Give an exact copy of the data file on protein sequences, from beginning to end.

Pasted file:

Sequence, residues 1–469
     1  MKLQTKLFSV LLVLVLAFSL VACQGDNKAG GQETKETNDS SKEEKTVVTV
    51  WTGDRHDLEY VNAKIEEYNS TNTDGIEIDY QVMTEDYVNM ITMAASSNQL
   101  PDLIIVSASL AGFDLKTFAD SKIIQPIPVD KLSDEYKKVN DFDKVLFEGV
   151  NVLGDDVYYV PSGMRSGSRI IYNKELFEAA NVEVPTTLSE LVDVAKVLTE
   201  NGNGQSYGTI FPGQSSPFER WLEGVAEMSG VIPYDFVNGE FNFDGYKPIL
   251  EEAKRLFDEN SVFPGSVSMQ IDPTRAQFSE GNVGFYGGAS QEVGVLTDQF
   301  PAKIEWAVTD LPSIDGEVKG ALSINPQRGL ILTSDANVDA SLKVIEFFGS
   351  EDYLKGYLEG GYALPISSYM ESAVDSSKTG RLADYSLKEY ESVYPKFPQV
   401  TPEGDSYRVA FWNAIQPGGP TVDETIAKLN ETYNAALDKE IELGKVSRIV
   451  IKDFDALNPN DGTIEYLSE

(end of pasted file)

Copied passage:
Sequence, residues 1–469
     1  MKLQTKLFSV LLVLVLAFSL VACQGDNKAG GQETKETNDS SKEEKTVVTV
    51  WTGDRHDLEY VNAKIEEYNS TNTDGIEIDY QVMTEDYVNM ITMAASSNQL
   101  PDLIIVSASL AGFDLKTFAD SKIIQPIPVD KLSDEYKKVN DFDKVLFEGV
   151  NVLGDDVYYV PSGMRSGSRI IYNKELFEAA NVEVPTTLSE LVDVAKVLTE
   201  NGNGQSYGTI FPGQSSPFER WLEGVAEMSG VIPYDFVNGE FNFDGYKPIL
   251  EEAKRLFDEN SVFPGSVSMQ IDPTRAQFSE GNVGFYGGAS QEVGVLTDQF
   301  PAKIEWAVTD LPSIDGEVKG ALSINPQRGL ILTSDANVDA SLKVIEFFGS
   351  EDYLKGYLEG GYALPISSYM ESAVDSSKTG RLADYSLKEY ESVYPKFPQV
   401  TPEGDSYRVA FWNAIQPGGP TVDETIAKLN ETYNAALDKE IELGKVSRIV
   451  IKDFDALNPN DGTIEYLSE